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A Whistleblower Who Was Fired For Objecting To Kids Watching A Video Of 9/11 Has Won A Legal Victory

Suriyah Bi took her employer to court after she was fired for raising safeguarding concerns about a video shown to an English class.

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Suriyah Bi

A teaching assistant turned whistleblower has won a court battle over her dismissal from a Birmingham school after she was fired for objecting to a class of 11-year-olds watching a video showing people falling from the World Trade Center towers on 9/11.

Suriyah Bi, 25, was fired from Heartlands Academy on 23 September 2015 after she made an official safeguarding complaint over the video because of the sight of people jumping to their deaths. She was fired the morning she made the complaint and had started at the school seven days earlier.

She took the academy's sponsor, E-Act, and the employment agency which hired her, Edustaff London, to court in December 2016 and learned on Friday that her unfair dismissal claim had been successful.

The video, titled "Can you imagine how bad it must be up there?", was shown to a class of around 30 children with learning difficulties and was designed to accompany "Out of the Blue", a poem by Simon Armitage that the class was studying.

The YouTube video had a pre-roll warning, informing viewers that it would be unsuitable for anyone under 18. The teacher showed the video anyway and told the tribunal that the children sat in silence and didn't complain.

The tribunal heard that the children had no prior knowledge of the events of 9/11 and asked whether they were watching a video game or a film. The teacher was using agreed departmental teaching materials.

The court made no judgment on whether the material was unsuitable, but ruled that Bi had made a safeguarding complaint in good faith, which was dismissed by the school's management.

Robert Giroux / Getty Images

In her judgment, employment judge Mary Cocks said:

There can be no doubt to an experienced teacher that what she [Bi] was talking about could be a safeguarding issue. Whatever label is attached to the expression of her concern, it was clear the claimant was raising something which could have been embarrassing to the school.

Miss Bi referred to [headteacher] Mrs Jones's decision to terminate her assignment as a kneejerk reaction. We would not disagree with that description.

The judge noted: "The academy only really took any action to investigate what the claimant had disclosed after she went to the press and Birmingham City Council became involved."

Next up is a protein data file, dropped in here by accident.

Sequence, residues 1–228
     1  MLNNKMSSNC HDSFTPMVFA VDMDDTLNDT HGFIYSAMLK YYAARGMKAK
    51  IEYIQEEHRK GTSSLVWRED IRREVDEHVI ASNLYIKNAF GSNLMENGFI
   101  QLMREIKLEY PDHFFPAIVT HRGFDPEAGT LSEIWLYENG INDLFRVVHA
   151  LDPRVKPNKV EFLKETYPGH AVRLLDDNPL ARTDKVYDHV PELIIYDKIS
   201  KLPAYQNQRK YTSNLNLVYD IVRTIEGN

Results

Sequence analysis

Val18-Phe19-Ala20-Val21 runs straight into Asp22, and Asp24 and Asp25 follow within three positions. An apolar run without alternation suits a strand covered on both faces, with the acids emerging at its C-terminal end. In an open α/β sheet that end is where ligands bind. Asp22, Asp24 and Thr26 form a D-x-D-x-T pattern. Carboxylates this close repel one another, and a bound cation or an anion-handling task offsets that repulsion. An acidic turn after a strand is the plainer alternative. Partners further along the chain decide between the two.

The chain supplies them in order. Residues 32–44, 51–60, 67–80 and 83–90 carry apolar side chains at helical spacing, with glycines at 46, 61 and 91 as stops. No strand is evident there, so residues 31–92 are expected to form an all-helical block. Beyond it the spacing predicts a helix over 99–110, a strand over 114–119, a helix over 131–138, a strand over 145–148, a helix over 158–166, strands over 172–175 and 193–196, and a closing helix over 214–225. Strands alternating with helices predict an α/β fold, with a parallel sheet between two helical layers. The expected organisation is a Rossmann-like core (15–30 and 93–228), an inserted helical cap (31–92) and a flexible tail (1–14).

A claim that Bi was religiously discriminated against was rejected. But the tribunal will meet again later this year to consider a claim of victimisation against the school and to decide the level of compensation and costs.

Bi has asked the court to reconsider the religious discrimination claim and hopes that that will also be considered at the next hearing.

Bi told BuzzFeed News: "I feel vindicated, I really do. This is why I was sacked in the first place. I raised a concern that this video was not appropriate for 11-year-olds, it had an 18-rating caution, they sacked me and they thought I was accusing the school of being anti-Muslim."

Bi, an Oxford University graduate who is studying for a PhD, represented herself in court after being denied legal aid and made a series of subject access requests to find out how the school referred to the case in its own documents.

She discovered that three days after her dismissal, someone at the school filled out a safeguarding checklist that said Bi had raised concerns because the 9/11 video offended her as a Muslim. The judge dismissed this assertion and said that Bi's main concern was over her discomfort that the children saw the clip.

Another safeguarding document cast doubt on Bi's suitability to work at the school because she was previously head girl at Saltley, one of the schools implicated in the so-called Trojan Horse affair in 2013, when an anonymous letter to Birmingham city council claimed Islamic extremists had planned to take over state-run schools.

When previously asked about the document, Bi said: “What happens now? Every single Muslim, as soon as we raise a concern does that mean we’re going to be labelled as extremists? I was studying at Oxford University when that [Trojan Horse] happened."

Despite being advised before starting her legal battle that she would only be awarded a week's wages, Bi said the case is now worth a six-figure sum. She is planning to write a book about her experience with the working title From Classroom to Courtroom: My Journey as a Litigant in Person.

E-Act said in an emailed statement: "Although we are extremely disappointed in the tribunal's main finding, it is welcome news that the tribunal has rejected outright any claims of direct religious discrimination as well as many of the other claims, and finds no fault with Heartlands Academy’s outstanding safeguarding policies and practice.

"Heartlands Academy is an outstanding academy which prides itself on cultural inclusiveness and providing a nurturing environment in which issues can be properly discussed and understood by all.

"We respect the tribunal’s decisions on the matters it has concluded and will continue to co-operate with the tribunal on the remaining claims."

Patrick Smith is a senior reporter for BuzzFeed News and is based in London.

Contact Patrick Smith at patrick.smith@buzzfeed.com.

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